SNIPPETS


A smooth coated Dachshund, Border Terrier, Jack Russell Terrier Mix and Yorkshire Terrier in an undated photo.  (Edouard Cadieu via The New York Times)A nano-sensor much like the human nose

The human sensor coordinates signals sent by thousands of sensory neurons to detect smells. The sensor, in this case, is a silicon chip which consists of nickel oxide nanoparticles acting as the neurons. When a chemical touches the surface of the oxide, it responds electrically; the response varies because each chemical has its own signature.

The sensor detects the response and, in turn, helps identify the chemical. Patricia Morris, professor of Chemistry at Ohio State University, with doctoral student Elvin Beach, had to first find a simple and easy way of making nanoparticles of nickel oxide.

The nanoparticles would give the sensor a large surface area to quickly capture and identify a wide variety of chemical molecules. The team subjected nickel oxide to a pressure of 225°C. In less than 24 hours, they obtained nanoparticles which were then washed in a common solvent called methyl ethyl ketone. “You mix everything together in a pressure vessel, pop it in the oven, rinse it off and it’s ready to use,” said Beach.

The team then applied a thin coating of the nickel oxide nanoparticles onto the surface of a silicon chip. The details of the synthesis are in a recent issue of Materials Chemistry and Physics.

Each nickel oxide nanoparticle measures about 50 atoms across. The researchers claim a one-gramme batch of nanoparticles costs about US $5 (Rs 240) to make; one sensor carries only four nanogrammes of material, so the chips are cheap to make. These sensors can provide a low cost method for air quality monitoring. But the researchers are yet to use them in the field.

Down To Earth Feature Service

How does the dog get its coat?

How did the dog get its coat? Kipling never pondered that question; he was more concerned with how the leopard got its spots, among other things, but scientists have. And the answer, they report in Science, lies in just three genes.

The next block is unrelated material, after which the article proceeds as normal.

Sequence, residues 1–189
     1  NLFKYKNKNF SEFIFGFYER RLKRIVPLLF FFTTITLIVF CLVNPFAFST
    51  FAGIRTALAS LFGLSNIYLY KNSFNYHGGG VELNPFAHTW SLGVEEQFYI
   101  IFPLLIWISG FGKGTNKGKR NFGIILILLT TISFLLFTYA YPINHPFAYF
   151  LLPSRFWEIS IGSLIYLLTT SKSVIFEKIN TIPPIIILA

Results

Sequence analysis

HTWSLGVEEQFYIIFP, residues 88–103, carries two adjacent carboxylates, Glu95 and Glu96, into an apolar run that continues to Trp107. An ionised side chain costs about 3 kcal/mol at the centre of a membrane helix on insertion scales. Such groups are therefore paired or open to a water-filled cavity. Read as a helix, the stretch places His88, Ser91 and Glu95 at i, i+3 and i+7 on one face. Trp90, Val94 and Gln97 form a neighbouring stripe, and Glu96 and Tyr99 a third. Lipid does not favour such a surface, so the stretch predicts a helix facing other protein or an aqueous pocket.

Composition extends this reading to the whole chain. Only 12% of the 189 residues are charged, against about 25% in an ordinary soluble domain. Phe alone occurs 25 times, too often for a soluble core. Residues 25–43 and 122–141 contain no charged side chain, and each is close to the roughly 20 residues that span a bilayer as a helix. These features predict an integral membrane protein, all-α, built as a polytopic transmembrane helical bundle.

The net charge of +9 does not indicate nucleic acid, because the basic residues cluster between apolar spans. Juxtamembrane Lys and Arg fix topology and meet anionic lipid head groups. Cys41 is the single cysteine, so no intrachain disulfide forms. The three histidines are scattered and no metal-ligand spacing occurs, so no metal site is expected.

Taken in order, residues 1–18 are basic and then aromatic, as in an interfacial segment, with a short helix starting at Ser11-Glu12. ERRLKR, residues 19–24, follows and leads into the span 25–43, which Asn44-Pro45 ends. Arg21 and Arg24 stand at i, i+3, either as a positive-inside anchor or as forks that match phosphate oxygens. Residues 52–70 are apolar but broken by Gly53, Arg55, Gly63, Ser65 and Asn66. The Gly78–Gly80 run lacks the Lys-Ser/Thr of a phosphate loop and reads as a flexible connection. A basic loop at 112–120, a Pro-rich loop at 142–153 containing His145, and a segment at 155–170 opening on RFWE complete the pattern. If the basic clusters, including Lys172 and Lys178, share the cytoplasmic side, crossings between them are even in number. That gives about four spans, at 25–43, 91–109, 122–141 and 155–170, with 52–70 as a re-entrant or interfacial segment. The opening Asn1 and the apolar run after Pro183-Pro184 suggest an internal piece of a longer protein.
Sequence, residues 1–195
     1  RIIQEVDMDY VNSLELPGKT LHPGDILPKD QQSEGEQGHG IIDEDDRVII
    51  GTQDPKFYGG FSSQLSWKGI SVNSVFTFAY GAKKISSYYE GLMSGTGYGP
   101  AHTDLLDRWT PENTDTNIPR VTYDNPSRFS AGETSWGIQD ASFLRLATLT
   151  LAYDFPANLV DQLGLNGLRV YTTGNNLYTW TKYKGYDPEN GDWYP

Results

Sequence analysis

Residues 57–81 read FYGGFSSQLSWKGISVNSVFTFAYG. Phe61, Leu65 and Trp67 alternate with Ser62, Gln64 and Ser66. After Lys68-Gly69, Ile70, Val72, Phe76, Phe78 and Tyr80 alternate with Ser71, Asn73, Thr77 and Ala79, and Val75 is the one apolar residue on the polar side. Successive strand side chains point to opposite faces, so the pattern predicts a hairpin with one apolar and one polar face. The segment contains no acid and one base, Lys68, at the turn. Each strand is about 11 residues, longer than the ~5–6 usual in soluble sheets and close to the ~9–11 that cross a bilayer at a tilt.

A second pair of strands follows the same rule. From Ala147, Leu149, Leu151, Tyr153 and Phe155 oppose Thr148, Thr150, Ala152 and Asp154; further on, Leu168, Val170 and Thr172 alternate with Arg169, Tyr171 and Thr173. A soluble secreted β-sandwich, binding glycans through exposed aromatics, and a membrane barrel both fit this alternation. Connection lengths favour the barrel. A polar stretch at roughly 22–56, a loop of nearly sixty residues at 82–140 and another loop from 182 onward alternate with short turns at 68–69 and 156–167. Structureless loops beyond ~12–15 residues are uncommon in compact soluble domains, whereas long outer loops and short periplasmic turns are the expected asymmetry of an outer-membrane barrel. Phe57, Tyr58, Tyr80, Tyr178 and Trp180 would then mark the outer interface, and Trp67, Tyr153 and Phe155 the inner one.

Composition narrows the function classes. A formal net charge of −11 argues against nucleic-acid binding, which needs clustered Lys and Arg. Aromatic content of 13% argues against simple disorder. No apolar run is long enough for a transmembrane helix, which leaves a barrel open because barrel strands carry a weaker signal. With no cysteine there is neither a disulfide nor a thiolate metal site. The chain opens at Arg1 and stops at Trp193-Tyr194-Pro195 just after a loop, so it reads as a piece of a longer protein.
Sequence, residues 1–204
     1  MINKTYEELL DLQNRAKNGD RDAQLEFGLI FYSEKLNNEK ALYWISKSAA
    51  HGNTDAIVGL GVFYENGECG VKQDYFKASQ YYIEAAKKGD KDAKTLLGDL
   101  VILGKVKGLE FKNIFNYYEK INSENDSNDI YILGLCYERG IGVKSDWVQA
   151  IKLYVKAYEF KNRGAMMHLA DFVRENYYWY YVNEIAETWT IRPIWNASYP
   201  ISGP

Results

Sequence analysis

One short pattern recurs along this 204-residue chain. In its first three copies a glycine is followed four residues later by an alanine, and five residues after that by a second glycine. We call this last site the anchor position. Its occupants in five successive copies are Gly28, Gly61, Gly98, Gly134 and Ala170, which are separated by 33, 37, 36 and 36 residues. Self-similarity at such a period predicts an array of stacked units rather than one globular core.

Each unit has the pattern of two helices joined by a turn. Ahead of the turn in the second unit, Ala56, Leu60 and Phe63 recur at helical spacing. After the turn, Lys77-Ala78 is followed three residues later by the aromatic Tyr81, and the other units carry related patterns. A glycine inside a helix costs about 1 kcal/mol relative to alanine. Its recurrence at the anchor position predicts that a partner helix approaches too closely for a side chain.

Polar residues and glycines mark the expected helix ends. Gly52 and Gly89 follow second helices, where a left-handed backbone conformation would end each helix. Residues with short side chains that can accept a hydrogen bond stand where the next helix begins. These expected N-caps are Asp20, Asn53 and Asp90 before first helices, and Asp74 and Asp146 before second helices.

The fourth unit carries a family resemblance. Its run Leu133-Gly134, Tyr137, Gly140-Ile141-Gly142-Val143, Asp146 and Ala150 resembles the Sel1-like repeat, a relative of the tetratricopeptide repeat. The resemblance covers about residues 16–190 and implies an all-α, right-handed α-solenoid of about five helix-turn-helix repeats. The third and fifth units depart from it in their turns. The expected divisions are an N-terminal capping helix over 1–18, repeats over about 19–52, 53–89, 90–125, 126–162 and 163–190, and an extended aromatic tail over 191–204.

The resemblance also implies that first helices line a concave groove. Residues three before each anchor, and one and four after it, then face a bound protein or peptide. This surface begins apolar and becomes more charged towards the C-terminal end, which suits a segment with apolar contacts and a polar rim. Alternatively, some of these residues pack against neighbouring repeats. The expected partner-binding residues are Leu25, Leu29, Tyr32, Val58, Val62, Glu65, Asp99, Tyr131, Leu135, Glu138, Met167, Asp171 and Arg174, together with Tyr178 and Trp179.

Edouard Cadieu and Elaine A Ostrander of the National Human Genome Research Institute, part of the National Institutes of Health, and colleagues looked at the genetic differences within single breeds that have more than one coat type. Purebred dogs are particularly suited for this kind of study, Ostrander said, because they have been selectively bred to segregate traits.

There are long- and short-haired dachshunds, for example.

The researchers then used that information to look at a large dataset of genetic information from about 900 dogs representing 80 breeds. They were able to identify mutations at specific points, or loci, on three genes linked to fur length, curliness and growth pattern (bushy eyebrows, beards and other features that dog breeders refer to as furnishings).

Then they looked at these three loci, on the genes of another 662 dogs representing 108 breeds, from fluffy Old English sheepdogs to short-haired pugs.  They found that the presence of the mutations or not, in various combinations, accounted for the variation in coat in 95 per cent of the breeds.

Only a few breeds, including Afghan hounds, have coats that can’t be explained by these genes.  There’s a certain elegance to the findings, Ostrander said. “We look at so much of the complexity in the world around us and say, Oh gosh, the underlying genetics must be so complicated,” she said. “But we’re beginning to feel that in fact nature is simple.”
The eventual goal, Ostrander said, is to use the same kind of sampling and comparison techniques to uncover how genetic variations combine to cause human diseases.

Henry Fountain
NYT News Service     

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